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Knoxville Hospital & Clinics Has Decreased Patient Falls, Med Errors & Readmissions By 2%
Posted By News On March 1, 2014 @ 6:00 am In Today’s Local News | Comments Disabled
Knoxville Hospital and Clinics Public Relations Director Katrina Nelson says the 127 hospitals participating in the Iowa-based Hospital Engagement Network (HEN) prevented potential harm to more than 4,300 patients in 2013 and reduced health care costs by more than $51 million, according to data released by the Iowa Healthcare Collaborative (IHC), which administers the network.
Among other improvements, participating hospitals reduced early elective baby deliveries (which can increase complications) by 90 percent; catheter associated urinary tract infections by 44 percent; adverse drug events by 28 percent; central line-associated blood stream infections in intensive care by 24 percent; surgical site infections by 24 percent; patient falls by 23 percent; and avoidable readmissions by 11 percent.
In addition to reducing costs, the Iowa HEN reduced the time that patients spent in the participating hospitals by 17,758 days. It’s estimated that at least 32 lives were saved because of the HEN.
Patient safety and ongoing quality improvement are top-of-mind priorities at Knoxville Hospital & Clinics, one of the hospitals participating in the Iowa-based HEN. In recent years, KHC staff have taken great advances in improving care in the areas of patient falls, medication errors, and readmissions – decreasing the rate of each by two percent.
Committed to improving patient safety, KHC staff have turned their attention to patient falls. At the time of admission, patients are assessed using the standardized Morse Fall Risk Assessment. This provides the nursing staff guidance on safety precautions to utilize for that patient, including bed rails, bed alarms, etc. Every 12 hours, after sleeping, or pain medication is given, the patient is reassessed to continue protecting their safety.
To prevent and protect patients from possible medication errors, when a patient is admitted to KHC, a code is printed on each patient name band. This code is intended to help prevent errors and protect the patient from getting the wrong medication while they are a patient in the hospital. If a medication is scanned and it is not intended for that patient, a screen pops up alerting the nursing staff to the wrong medication.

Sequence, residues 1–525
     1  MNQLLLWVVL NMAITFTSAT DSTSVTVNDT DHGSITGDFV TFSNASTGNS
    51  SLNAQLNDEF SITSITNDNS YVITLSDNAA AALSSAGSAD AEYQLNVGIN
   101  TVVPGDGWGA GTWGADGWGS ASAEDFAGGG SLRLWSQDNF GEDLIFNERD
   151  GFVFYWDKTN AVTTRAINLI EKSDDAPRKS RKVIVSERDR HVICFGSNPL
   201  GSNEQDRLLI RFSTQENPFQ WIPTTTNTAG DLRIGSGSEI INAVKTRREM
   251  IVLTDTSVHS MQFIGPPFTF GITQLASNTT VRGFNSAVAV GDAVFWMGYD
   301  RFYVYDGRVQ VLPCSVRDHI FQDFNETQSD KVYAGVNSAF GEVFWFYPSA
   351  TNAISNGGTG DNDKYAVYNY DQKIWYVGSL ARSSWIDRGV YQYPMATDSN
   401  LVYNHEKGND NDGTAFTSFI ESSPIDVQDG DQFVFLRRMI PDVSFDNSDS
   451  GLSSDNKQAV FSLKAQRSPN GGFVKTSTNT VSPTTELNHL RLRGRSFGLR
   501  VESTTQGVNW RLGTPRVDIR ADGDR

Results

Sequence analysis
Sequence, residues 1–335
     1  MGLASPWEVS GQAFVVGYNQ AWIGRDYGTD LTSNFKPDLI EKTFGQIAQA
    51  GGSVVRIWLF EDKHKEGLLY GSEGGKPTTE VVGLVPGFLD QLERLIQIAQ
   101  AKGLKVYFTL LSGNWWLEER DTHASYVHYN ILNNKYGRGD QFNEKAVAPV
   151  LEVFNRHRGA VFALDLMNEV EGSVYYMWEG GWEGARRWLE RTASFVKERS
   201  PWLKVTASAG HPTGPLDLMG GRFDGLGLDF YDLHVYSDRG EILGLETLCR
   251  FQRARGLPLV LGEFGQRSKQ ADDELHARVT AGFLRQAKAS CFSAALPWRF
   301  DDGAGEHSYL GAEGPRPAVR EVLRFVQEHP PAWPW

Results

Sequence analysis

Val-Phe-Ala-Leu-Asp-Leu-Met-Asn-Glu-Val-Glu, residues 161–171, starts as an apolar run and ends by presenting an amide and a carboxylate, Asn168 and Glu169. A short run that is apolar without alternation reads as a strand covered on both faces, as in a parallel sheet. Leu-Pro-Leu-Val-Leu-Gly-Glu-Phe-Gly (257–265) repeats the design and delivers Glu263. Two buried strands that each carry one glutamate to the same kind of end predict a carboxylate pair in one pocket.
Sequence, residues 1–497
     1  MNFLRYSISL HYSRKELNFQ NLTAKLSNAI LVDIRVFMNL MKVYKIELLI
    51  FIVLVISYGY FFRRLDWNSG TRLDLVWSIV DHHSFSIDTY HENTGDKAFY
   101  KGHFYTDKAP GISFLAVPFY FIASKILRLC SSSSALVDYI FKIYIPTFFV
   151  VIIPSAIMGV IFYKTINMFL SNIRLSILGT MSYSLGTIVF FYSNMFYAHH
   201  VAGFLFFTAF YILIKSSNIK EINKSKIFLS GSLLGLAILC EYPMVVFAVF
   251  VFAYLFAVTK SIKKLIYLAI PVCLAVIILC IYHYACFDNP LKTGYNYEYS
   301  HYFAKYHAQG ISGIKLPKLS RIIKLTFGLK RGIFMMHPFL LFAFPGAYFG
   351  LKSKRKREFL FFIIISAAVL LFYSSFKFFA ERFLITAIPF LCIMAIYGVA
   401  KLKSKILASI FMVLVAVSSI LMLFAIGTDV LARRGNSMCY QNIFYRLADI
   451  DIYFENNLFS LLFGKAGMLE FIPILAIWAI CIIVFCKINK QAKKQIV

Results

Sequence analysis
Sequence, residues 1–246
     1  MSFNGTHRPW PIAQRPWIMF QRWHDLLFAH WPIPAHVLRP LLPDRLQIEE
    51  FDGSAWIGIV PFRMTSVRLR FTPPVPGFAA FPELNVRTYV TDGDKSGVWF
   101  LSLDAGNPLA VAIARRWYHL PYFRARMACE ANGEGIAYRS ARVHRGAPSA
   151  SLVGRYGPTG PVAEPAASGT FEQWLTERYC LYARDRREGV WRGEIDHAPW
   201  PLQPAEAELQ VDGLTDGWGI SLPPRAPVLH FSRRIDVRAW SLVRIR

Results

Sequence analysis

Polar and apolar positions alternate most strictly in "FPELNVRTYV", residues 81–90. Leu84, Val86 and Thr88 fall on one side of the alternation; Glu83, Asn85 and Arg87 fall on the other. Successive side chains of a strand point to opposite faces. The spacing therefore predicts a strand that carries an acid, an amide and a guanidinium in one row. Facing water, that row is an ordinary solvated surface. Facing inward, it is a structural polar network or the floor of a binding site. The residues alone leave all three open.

Troubled by the increase of readmissions, a transition coach is utilized at KHC who helps make sure that patients being discharged to home have a follow up appointment within a week with their primary care provider, and weekly follow up phone calls are made to high risk patients (COPD, CHF, pneumonia, etc.) for six weeks after discharge. Follow up phone calls are also made within 72 hours of discharge to make sure the patient has the appropriate support at home. Staff also work closely with area nursing homes to address readmissions.
“Patient safety is one of our top priorities and we continually seek new ways to provide the safest environment for our patients,” said Kevin Kincaid, Chief Executive Officer. “By focusing on patient falls, medication errors, and readmissions, we are committed to ensuring the highest level of quality care and safety of our patients.”
Knoxville Hospital & Clinics, a Critical Access Hospital serving Marion County and the surrounding area, is dedicated to providing personal, progressive quality health care with compassion. For more information regarding this release and other happenings at Knoxville Hospital & Clinics, call the Public Relations office at (641) 842-1418 or visit www.knoxvillehospital.org.
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